Smart leaders plan for the absolute worst even though their preference is that a disaster recovery plan is never needed. Disaster Recovery (DR) planning is addressing the question: what happens if disaster strikes and my business becomes inoperable because my computer system is down? What is my plan B for IT? If my daily operations are down, how long will it take to become operable again? How long can my business last if I cannot bill, and cannot access customer files?
These questions are addressed by having a DR plan in place. Over 50% of businesses never regain operations after disaster strikes. Disasters such as fire, flood, extreme weather events, theft, vandalism, or even insider sabotage can render a business inoperable. A disaster can take out electrical power, internet, destroy hardware and result in data loss. These unforeseen events can be addressed by having a disaster recovery plan in place. Much like life insurance, or other types of insurance, no one wants to cash in on these policies, but everyone is so glad to have them when they are needed.
A proper DR plan should address 3 key elements:
Obtaining Backups. Making sure that your business has reliable and readily accessible backups is crucial. Many business owners only find in a disaster event that their backups were not working when the disaster occurred. They must now hope that they can work from any partial backups or obtain data copies from multiple sources. Now they have 2 disasters to address. The other issue can be timing. How long does it take to retrieve your back up copies? The lag time that a backup provider makes you endure can be catastrophic. Could your business sustain major data loss? (such as billing and banking information)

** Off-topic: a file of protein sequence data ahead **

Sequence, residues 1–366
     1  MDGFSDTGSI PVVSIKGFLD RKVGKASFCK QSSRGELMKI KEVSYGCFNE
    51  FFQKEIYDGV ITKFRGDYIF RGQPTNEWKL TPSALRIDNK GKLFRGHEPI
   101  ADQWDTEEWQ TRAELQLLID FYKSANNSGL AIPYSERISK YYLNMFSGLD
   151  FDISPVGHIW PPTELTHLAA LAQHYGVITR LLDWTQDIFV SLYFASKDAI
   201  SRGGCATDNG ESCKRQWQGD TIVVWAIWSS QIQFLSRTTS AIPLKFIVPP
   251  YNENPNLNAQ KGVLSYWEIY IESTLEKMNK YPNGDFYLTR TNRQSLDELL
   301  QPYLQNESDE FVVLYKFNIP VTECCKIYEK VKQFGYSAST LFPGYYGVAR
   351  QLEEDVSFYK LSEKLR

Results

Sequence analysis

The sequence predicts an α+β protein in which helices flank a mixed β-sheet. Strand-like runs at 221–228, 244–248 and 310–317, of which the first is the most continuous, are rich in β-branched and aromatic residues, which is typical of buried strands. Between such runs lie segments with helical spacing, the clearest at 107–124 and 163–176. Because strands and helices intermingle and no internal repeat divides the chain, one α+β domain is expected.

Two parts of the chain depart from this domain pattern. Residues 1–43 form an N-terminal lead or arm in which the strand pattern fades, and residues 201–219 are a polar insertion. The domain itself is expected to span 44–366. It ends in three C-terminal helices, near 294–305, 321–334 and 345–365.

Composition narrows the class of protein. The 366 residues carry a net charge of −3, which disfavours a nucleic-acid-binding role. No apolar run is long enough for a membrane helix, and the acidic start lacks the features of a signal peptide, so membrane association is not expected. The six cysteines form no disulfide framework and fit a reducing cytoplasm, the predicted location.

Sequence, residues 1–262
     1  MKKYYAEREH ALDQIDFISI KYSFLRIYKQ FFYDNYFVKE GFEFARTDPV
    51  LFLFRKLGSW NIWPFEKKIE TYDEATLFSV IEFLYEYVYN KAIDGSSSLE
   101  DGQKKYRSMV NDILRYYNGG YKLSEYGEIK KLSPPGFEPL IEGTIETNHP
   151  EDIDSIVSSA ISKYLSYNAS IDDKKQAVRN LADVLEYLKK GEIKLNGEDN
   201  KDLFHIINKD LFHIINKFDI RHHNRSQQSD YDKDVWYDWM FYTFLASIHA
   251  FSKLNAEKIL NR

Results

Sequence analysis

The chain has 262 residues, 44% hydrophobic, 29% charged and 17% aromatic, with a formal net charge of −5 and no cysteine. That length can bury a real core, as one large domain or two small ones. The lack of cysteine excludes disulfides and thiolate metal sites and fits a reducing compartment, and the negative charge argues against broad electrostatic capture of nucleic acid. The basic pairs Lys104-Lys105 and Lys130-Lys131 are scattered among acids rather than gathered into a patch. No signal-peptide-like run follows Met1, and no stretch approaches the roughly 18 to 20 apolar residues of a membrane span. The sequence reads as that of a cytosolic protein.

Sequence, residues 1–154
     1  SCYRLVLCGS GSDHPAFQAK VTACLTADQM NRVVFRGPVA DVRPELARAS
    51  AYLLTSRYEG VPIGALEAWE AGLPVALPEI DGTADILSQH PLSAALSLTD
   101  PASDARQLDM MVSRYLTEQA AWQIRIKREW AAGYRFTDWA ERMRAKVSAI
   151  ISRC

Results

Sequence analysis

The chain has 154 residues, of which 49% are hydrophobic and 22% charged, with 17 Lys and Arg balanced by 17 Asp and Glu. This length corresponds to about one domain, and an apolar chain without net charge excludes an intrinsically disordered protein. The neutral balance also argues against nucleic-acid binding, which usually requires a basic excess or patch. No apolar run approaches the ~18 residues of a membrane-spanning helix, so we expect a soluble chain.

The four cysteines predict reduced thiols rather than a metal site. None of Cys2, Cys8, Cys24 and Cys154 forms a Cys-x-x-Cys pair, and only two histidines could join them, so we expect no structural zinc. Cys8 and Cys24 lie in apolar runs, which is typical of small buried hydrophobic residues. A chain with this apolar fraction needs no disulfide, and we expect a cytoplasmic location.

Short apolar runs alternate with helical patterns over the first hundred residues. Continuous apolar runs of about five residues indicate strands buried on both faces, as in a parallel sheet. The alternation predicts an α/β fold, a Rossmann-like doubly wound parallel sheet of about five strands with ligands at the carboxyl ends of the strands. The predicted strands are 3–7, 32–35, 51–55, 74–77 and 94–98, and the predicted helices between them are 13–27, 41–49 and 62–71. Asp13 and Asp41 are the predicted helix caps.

Auxillary Hardware. Once you obtain your backup copies of your data you must have a readily available hardware option so that you can operate your business. You have to have a place for your backups to reside. This may be at a local data center or this may entail having your IT staff cobble together a system and get you operational. At the very least your DR plan should address this step so that you can execute the plan rather than have to formulate a detailed plan on the fly. I have seen many companies make expensive and regretful mistakes because they did not have a hardware plan in place.
Workflow prioritization. Once a company has switched over to their DR plan it is best to have a list of priorities for workflow. What systems must be addressed and in what order so that productivity can be regained as quickly and efficiently as possible. Does it make more sense to address operations and production? or marketing and executive functions first? What departments need to be reactivated and in what order? When time is of the essence it is best to know your company’s priorities so that you can get the right people back to work first. This is another element where a company can make expensive and regretful mistakes because they did not address their priorities.
Having a proper DR plan in place is an essential part of any business just like having insurance and reserves for unforeseen disasters. When disaster strikes then your company is ready to pull together and execute your DR plan so that you can become operation and profitable as quickly as possible. For a detailed disaster recovery plan we recommend that you contact your sales specialist at NthaCloud for free no obligation assessment. We can help you see your weak points and make recommendations for a strong DR plan. Contact us today at firstname.lastname@example.org or call 303-565-7261.